Upon signing as Manchester Giants coach, Vince Macaulay had one thing on his bucket list to cross off.
Liverpool FC tickets.
And thanks to a former Brixton Topcats team-mate, Andy Powlesland along with Mo Stewart, both Liverpool employees and close friends, the lifelong Red was able to get his hands on some.
“Oh yeah, I got some tickets,” Macaulay, a born Liverpudlian said with a chuckle.
“I’m really looking forward to getting over there and watching Liverpool play. Sadly, I won’t able to see Sadio Mane play but Liverpool are still looking impressive ahead of the new season.”
Being so close to home also means that Macaulay can spend a little more time with his family as his sister, aunties and uncles still reside in the city.
Despite the plans for family get-togethers and day trips to Anfield, Macaulay will be based 56 kilometres away, aiming to bring success to a rebuilding Giants.
It also marks a triumphant return to British basketball for Macaulay, a widely popular figure having been part of the Milton Keynes Lions since 1997, spearheading their relocation and building a successful franchise in London before departing in January.
During his time away, Macaulay had a lot of time to reflect, as well as travel to different venues, across the country.
And it was a chance meeting during April’s NBL Playoff finals weekend in Manchester, where Macaulay made his move back into the hotseat.
“I’ve always been impressed with the whole area and the things going on,” Macaulay said. “Normally, you go to a different city to play a game and go back so you don’t get a chance to look around and see what’s going on.
“But after spending some time there, I saw what was going on and Manchester is really up and coming.
“So I had a meeting with some of the people that run the club on the board and they mentioned that there were opportunities and some sponsors came on board and we came to an agreement to see how things would go.”
Not just the head coach but Macaulay will also take on the role of general manager, overseeing the day-to-day operations of the club.
“There’s a lot of great clubs and basketball communities around Manchester and I want to build a great relationship with everybody and again, grow the significant sponsorship that’s around.
“As a city, Manchester is blessed with many incredible basketball facilities and that’s what we want the BBL and its teams to aspire to be, in terms of potential European competition.”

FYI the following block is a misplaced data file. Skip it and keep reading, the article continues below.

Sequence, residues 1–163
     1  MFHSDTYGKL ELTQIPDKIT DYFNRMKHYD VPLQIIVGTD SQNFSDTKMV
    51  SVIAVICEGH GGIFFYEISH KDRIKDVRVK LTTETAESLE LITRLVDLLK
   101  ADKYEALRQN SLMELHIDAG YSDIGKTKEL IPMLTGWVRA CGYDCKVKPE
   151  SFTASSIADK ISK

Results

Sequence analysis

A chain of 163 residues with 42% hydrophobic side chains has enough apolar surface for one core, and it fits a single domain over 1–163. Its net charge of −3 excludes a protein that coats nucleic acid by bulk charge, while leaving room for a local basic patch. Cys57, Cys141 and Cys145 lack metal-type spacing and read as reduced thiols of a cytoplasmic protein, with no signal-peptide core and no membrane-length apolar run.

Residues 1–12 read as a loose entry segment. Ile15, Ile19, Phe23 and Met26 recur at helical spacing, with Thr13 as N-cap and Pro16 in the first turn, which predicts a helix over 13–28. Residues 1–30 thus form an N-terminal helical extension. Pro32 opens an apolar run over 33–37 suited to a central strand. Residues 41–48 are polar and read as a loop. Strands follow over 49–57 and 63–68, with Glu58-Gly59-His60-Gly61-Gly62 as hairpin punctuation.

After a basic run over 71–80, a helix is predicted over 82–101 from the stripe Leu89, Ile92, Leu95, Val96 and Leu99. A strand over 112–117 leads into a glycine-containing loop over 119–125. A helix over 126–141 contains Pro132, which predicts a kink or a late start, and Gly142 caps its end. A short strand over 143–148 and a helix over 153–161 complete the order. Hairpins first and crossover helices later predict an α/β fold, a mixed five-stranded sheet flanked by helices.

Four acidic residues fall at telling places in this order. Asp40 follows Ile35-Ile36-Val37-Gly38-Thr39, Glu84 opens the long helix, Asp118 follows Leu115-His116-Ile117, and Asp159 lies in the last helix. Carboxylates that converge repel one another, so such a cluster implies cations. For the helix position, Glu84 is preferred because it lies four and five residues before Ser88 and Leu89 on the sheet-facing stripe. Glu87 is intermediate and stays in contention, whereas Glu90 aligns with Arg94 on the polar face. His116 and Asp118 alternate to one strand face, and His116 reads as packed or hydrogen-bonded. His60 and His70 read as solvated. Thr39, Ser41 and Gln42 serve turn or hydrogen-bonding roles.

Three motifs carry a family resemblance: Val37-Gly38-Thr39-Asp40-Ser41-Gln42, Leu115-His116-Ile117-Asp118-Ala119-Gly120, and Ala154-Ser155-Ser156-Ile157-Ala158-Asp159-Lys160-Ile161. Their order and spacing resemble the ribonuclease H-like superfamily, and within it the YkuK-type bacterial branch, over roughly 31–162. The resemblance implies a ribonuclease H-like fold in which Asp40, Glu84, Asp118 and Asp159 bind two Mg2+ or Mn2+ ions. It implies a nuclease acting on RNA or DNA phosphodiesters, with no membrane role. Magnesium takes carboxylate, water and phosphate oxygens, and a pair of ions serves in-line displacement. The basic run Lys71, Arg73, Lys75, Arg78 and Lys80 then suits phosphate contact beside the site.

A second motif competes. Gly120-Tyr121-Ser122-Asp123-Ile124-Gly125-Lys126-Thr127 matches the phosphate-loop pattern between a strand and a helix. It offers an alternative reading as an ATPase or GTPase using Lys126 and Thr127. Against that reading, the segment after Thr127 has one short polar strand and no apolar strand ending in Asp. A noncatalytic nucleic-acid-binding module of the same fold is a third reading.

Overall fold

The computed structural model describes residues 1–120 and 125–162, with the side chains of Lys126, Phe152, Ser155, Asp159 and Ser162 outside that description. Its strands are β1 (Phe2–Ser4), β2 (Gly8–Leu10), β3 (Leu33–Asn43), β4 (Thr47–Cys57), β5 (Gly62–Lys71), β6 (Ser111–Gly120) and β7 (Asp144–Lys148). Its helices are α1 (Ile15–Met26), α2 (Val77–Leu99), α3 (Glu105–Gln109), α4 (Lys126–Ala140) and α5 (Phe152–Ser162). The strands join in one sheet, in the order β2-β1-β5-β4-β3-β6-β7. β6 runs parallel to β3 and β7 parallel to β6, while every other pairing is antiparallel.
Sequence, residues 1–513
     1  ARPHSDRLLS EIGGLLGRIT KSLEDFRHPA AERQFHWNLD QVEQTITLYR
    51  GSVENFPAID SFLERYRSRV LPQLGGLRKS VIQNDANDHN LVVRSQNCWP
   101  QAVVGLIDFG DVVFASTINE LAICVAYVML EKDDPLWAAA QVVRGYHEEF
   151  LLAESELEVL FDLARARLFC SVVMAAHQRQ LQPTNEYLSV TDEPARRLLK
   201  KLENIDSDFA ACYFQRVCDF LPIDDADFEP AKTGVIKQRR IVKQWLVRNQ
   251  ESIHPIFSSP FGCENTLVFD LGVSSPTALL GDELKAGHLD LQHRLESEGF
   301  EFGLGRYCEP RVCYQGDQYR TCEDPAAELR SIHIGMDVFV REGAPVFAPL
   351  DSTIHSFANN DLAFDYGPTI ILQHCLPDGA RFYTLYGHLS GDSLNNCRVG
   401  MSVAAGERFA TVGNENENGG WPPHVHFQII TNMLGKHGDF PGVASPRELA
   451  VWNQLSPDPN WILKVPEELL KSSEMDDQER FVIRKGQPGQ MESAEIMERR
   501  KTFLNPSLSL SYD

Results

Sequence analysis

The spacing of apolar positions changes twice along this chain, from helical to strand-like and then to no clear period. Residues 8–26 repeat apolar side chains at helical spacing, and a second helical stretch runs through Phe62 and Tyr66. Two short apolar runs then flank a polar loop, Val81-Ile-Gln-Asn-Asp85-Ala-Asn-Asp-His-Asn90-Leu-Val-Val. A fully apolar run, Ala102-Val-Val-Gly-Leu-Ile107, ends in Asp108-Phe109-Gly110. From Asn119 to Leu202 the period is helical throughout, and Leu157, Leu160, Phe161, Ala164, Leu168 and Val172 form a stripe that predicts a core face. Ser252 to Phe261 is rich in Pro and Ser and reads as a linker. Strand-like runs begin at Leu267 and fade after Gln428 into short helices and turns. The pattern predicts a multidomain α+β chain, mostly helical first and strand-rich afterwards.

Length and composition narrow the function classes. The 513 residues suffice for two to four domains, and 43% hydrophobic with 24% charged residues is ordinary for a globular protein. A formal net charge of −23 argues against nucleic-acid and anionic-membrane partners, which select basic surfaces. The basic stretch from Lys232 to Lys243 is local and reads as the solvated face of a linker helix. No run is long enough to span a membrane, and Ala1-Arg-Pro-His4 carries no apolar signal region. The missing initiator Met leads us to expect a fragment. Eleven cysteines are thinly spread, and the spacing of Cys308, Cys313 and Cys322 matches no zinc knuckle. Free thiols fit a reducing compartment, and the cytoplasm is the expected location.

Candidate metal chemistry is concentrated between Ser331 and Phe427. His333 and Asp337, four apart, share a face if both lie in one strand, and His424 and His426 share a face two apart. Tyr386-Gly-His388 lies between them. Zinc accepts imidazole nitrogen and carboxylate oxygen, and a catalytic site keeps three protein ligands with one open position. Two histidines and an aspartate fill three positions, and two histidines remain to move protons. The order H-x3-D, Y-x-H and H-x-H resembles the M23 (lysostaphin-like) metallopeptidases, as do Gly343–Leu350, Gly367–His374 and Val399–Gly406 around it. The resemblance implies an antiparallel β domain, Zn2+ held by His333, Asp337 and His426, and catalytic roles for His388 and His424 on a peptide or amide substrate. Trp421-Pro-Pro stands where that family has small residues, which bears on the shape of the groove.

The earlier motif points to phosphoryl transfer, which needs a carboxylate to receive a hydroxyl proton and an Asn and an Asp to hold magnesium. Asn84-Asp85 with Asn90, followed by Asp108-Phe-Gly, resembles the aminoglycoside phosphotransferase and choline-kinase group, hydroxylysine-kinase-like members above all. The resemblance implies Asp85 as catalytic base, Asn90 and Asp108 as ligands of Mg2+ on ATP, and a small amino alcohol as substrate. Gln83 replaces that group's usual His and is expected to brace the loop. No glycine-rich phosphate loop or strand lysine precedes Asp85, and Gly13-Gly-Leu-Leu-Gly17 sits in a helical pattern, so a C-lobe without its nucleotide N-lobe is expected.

Despite the flying rumours of financial turmoil at the Giants that surfaced mainly on basketball message boards earlier in the year, Giants come off a successful campaign last season.
No trophies, true. But a BBL Cup final and playoff spot was seen as a plus, given the many years of missing out.
And as Manchester is a giant hotbed of hoops in the country – with the British Basketball Federation and Basketball England based there – it is screaming out for a successful professional outfit.
Departing coach Lloyd Gardner began something wonderful on the court; Macaulay now hopes to take it further.
“This isn’t necessarily about bettering last season,” Macaulay reveals. “It’s mainly about bettering the Giants brand itself.
“We have a lot of good and talented local players that deserve a chance. I think it’s no debate that Manchester should be around the top end of the BBL.
“But more importantly, it’s about making the franchise stronger, the administrative side is stronger, accounting, sales, everything that keeps a professional team ticking.”
And Macaulay has hit the ground running. Stunning the league by bringing in Rahmon Fletcher from the Newcastle Eagles and offensive juggernaut Dirk Williams from London Lions in what promises to be a new-look roster.
“It’s about building the Giants brand and of course, that means putting together a strong squad to compete,” Macaulay said.
“Manchester has a strong local basketball community and it’s vital to tap into that alongside securing some established professionals.
“We will get wins, there’s no question about that and we are aiming for playoffs. Manchester deserves regular playoff appearances.”
Giants will have an early chance to right the wrongs of last season’s playoff exit to the Bristol Flyers as they begin their campaign on September 23 away to the same side.
It won’t be until October 23 when Macaulay returns to the capital to face his old side, but he insists that there will be no emotional return.
“The London Lions franchise has changed so much, it’s a completely different team now,” Macaulay admitted.
“When we come to London, it will be nice to be back, there’s no mistaking that. But it will be business trip for us with one goal in mind and that’s to win.”